Over-dating of single site phases with respect to prehistoric population levels can occur at, for example, highly visible ceremonial sites. This was corrected by classifying dates into discrete occupation phases lasting no longer than 200 years and post-processing the posterior distribution so that only a single date occurred within each site-phase. This effectively distributed the observed variance within site-phases (n = 4,090) throughout the posterior distribution without overweighting site-phases that had more than a single date [11]. The next step was to convert the posterior date distributions from all regions into standardized DT time. An approximate agriculture date was estimated for each region from available archaeological information and DT was calculated as the difference between each calibrated date and its regional agriculture date. Roughly speaking, the agriculture dates for the more eastern and southern regions are c.7500–7200 cal. BP, while in northwest Europe they are c.6000 cal. BP.

To take into account the uncertainty in relative population estimates in the Neolithic distribution from the settlement size analysis, we calculated separate SCDPDs for the Mesolithic and Neolithic periods. For each 10-year bin in the Neolithic SCDPD we summed a sample from the uniform distribution of forager to farmer population ratios (2–8) equal in size to the frequency within the bin. The same Neolithic scaling function was applied when calculating confidence intervals (described below). The ‘scaled’ Neolithic SCDPD, the ‘un-scaled’ Neolithic SCDPD, and the Mesolithic SCDPD were analyzed separately, and also combined to calculate overall SCDPDs. For each of these samples, inferred demographic histories were modeled by estimating discrete summed calibrated radiocarbon date densities for each 10-year increment using a loess model (degree = 2, α = 0.15). A smaller α value (the proportion of adjacent points used in each local regression) was used to model the radiocarbon data than the value used in the cemetery model because larger sample sizes allowed for smaller values with less risk of over-fitting.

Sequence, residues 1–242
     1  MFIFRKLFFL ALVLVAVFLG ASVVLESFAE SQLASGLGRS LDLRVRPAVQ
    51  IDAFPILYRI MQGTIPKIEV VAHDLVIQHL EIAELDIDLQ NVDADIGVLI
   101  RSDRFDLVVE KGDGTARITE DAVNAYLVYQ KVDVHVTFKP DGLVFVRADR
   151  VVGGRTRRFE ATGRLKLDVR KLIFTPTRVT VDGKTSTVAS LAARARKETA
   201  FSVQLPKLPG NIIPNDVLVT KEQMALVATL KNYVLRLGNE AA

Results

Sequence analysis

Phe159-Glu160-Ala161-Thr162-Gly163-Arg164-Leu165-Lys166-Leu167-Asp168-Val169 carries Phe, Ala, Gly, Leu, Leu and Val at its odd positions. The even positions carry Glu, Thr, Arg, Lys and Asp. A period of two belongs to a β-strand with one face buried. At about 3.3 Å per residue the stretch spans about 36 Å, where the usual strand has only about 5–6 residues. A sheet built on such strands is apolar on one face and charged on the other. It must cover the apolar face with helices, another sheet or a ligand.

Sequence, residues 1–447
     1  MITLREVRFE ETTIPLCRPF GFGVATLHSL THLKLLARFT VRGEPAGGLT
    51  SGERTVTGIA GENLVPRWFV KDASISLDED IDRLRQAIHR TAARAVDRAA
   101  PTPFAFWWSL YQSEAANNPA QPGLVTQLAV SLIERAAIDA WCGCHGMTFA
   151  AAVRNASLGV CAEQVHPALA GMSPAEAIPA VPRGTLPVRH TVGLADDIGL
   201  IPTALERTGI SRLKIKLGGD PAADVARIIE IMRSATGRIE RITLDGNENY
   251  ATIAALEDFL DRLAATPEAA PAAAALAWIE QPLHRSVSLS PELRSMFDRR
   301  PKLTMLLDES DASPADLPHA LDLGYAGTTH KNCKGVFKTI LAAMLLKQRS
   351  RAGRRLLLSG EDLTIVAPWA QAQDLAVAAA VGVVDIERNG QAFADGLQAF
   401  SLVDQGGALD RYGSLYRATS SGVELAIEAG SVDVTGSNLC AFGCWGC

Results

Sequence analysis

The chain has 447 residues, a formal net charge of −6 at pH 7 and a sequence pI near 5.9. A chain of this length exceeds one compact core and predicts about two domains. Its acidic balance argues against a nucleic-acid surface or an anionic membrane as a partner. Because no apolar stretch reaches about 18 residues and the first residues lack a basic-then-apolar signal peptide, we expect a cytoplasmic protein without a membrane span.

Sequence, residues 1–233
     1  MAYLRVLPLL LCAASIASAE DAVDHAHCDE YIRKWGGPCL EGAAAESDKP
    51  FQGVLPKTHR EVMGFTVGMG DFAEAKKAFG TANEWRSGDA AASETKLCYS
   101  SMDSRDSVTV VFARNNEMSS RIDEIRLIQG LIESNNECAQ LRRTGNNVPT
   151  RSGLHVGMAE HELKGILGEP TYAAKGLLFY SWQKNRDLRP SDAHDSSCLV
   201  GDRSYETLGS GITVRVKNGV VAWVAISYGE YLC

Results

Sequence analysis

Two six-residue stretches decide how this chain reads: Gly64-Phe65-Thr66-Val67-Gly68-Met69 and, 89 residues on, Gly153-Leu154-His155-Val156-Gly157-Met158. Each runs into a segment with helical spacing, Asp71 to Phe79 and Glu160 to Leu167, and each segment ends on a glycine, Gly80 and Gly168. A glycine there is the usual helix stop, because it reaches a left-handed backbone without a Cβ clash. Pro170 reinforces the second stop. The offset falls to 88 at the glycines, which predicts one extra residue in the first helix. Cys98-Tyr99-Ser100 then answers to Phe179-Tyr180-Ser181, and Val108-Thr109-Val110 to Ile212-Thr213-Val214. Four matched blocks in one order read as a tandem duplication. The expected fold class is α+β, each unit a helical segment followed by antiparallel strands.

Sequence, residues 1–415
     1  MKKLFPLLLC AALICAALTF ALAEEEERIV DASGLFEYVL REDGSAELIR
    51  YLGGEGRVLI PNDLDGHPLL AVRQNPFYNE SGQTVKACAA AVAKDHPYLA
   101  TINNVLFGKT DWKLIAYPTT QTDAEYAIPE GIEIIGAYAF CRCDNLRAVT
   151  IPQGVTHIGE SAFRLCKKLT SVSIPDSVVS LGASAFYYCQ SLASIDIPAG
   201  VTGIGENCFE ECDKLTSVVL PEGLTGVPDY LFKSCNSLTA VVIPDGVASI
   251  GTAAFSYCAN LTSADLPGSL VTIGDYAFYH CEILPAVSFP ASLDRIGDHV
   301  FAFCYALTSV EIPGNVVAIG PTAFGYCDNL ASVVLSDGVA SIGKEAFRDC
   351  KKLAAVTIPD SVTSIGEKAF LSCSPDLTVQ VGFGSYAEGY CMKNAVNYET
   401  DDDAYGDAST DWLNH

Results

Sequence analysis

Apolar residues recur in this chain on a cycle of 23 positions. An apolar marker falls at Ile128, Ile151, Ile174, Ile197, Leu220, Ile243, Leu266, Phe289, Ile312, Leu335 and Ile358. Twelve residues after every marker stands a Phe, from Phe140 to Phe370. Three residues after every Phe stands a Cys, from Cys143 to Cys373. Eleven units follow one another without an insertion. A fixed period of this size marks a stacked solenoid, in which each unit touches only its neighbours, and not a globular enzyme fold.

Next, long-term patterns of change in the SCDPDs were tested for significance. SCDPD population growth rates during the Mesolithic and Neolithic periods were modeled separately as a function of DT using a GLM with quasi Poisson-distributed error. Then, to generate confidence intervals, a sample of dates equivalent in size to the number of unique occupation phases was taken from the posterior distribution to correct for the possibility of over-dating, summed using 10-year bins, and a loess model was estimated (degree = 2, α = 0.15). This process was then repeated 10,000 times, such that each loess model effectively constitutes one “possible” demographic history, given known sources of error, including the uncertainty in relative population estimates. Uncorrected and Šidák-corrected confidence intervals were calculated because, as above, of the non-independence of the 10-year bins. Significant deviations between the confidence intervals and the GLM indicate periods of departure from long-term population trends (booms and busts). Demographic cycle durations were determined using the population maximum year, defined by the SCDPD maximum within 1000 years of DT = 0, and the minimum year by the lowest value 2,000 years thereafter.